The Maine Department of Transportation began advertising the Frank J. Wood Bridge replacement project for construction bids Wednesday, after the Federal Highway Administration again agreed that rehabilitating the 90-year-old span wasn’t feasible due to high costs.

“It’s been a long process, but we look forward to delivering the new bridge to better connect these two communities and the travelers of Maine,” DOT Commissioner Bruce Van Note said in a press release. “It will be safe, reliable and serve all users well, including motorists, pedestrians and bicyclists.”

The future Frank J. Wood Bridge, which each day serves 19,000 vehicles traveling between Brunswick and Topsham, has been a topic of controversy since the DOT released plans to replace the structure six years ago with a new bridge designed to last 100 years. Along with two other national organizations, local group Friends of the Frank J. Wood Bridge sued the department and the Federal Highway Administration, arguing the government had wrongly inflated the estimated cost of rehabilitating the bridge, which the plaintiffs say has historical significance.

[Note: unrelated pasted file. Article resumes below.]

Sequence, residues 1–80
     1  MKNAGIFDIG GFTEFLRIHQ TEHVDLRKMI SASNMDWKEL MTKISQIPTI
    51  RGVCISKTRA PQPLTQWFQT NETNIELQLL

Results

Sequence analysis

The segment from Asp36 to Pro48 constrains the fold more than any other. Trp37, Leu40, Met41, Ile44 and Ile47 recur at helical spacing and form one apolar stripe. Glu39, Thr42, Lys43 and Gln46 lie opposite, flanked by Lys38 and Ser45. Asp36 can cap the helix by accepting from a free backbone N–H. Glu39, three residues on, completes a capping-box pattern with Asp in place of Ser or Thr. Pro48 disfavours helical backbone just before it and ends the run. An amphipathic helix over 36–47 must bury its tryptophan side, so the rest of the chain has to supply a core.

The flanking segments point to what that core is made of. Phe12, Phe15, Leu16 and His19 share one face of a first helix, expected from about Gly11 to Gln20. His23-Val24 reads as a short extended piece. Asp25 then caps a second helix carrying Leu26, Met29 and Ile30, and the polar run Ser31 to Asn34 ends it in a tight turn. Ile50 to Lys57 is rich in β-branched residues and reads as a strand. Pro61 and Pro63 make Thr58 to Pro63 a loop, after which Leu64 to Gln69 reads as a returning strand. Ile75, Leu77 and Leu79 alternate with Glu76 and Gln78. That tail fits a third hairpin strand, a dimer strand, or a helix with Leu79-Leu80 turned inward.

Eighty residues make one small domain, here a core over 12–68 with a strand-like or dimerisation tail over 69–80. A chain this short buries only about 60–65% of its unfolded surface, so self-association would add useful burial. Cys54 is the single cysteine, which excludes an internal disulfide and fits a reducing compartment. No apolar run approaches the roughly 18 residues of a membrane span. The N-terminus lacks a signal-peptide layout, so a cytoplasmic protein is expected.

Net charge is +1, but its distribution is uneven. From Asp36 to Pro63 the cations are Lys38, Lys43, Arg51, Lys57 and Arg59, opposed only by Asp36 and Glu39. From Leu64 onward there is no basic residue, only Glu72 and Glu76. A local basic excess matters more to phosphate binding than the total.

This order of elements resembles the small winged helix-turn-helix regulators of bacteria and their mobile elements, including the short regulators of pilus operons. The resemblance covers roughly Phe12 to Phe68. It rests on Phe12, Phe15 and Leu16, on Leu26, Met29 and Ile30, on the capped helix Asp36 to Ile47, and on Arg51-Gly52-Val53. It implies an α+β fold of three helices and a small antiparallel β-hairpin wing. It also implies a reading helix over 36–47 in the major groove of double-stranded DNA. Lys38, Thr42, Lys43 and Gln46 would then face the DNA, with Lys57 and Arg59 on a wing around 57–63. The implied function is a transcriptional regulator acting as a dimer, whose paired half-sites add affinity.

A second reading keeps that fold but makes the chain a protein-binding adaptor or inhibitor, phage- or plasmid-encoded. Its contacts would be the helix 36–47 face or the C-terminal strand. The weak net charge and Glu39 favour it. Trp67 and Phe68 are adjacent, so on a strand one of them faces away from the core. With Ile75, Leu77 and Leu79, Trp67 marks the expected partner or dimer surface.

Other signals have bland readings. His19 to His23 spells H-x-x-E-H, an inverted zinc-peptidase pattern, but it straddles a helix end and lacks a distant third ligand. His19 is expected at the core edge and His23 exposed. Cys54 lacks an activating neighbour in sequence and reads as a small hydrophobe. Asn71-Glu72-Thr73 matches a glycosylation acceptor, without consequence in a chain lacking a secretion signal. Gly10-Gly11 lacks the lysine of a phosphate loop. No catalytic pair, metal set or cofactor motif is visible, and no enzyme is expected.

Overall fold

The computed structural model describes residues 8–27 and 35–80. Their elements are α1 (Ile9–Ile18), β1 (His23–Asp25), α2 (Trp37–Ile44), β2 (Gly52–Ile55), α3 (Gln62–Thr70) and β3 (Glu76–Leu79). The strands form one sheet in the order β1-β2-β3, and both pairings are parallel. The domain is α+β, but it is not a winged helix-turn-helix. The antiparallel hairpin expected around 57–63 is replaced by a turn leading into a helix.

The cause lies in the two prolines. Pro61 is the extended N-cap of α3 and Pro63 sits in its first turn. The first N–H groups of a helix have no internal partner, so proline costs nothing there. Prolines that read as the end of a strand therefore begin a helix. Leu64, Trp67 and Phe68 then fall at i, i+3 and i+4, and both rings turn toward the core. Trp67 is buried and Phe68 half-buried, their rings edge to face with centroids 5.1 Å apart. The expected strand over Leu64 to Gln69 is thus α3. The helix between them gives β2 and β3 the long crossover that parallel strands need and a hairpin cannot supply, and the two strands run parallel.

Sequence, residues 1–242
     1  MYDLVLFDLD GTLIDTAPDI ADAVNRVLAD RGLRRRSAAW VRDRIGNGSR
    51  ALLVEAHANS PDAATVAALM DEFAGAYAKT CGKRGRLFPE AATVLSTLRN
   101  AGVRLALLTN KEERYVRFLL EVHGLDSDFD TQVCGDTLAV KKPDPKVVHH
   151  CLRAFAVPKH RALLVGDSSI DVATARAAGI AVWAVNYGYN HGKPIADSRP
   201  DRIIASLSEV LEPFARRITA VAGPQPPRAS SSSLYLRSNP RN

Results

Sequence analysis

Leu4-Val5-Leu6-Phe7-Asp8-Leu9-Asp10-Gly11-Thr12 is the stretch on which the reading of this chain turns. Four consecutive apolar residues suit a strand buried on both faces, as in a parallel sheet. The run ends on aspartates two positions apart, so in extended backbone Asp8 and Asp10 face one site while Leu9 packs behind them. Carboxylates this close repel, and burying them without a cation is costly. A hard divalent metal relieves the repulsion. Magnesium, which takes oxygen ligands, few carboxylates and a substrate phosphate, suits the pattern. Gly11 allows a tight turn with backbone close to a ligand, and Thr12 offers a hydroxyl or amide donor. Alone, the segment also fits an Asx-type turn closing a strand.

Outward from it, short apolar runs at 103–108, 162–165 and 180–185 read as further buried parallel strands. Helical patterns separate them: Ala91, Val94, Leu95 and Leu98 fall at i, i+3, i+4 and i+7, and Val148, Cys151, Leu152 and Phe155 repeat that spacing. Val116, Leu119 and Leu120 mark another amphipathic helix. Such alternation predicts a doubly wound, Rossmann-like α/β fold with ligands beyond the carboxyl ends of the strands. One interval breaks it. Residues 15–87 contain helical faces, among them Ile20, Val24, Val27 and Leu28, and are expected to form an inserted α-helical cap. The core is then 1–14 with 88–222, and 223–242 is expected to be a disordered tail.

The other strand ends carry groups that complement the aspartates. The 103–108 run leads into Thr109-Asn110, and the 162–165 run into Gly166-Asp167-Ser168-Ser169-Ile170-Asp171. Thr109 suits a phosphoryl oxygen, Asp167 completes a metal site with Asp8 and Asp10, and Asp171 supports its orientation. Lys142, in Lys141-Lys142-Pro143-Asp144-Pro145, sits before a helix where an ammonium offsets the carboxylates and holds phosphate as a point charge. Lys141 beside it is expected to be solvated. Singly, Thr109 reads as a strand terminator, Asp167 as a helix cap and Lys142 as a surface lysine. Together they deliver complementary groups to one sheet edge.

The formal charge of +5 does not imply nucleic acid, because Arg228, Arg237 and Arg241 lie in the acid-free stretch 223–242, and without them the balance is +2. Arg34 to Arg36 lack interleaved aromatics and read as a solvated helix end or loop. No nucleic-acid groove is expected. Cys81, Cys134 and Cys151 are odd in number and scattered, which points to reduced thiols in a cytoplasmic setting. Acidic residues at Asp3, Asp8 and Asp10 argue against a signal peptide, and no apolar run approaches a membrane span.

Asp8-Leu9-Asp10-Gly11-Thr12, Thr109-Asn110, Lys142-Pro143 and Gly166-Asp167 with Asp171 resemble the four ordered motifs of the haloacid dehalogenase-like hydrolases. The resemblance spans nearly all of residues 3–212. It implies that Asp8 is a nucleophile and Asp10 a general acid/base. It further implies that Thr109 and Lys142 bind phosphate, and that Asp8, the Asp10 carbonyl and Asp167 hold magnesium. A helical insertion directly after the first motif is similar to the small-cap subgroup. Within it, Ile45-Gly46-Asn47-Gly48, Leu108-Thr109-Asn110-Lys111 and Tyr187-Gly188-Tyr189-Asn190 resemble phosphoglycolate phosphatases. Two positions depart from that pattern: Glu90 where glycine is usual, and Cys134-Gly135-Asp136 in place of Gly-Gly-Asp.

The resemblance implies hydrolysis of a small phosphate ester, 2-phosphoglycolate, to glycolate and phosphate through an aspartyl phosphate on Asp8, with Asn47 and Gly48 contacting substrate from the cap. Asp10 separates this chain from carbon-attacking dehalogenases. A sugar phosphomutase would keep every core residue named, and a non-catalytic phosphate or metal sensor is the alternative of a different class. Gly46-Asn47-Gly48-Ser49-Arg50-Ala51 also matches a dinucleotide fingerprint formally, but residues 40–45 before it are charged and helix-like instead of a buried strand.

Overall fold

As the court battle stalled the project in the following years, cost estimates for the project rose from $13 million in 2017 to $42 million, according to the FHA’s recently finalized reevaluation. That figure still represents a significantly cheaper alternative than repairing the structure, the report affirmed.

That finding, which came after a federal judge ordered the FHA to reassess and clarify their approval of the project last January, has finally cleared the way for work on the bridge.

The DOT expects to accept bids for four weeks and award a contract soon after, according to the release. Work on the bridge, which the department estimates will take about two-and-a-half years, should begin this spring.

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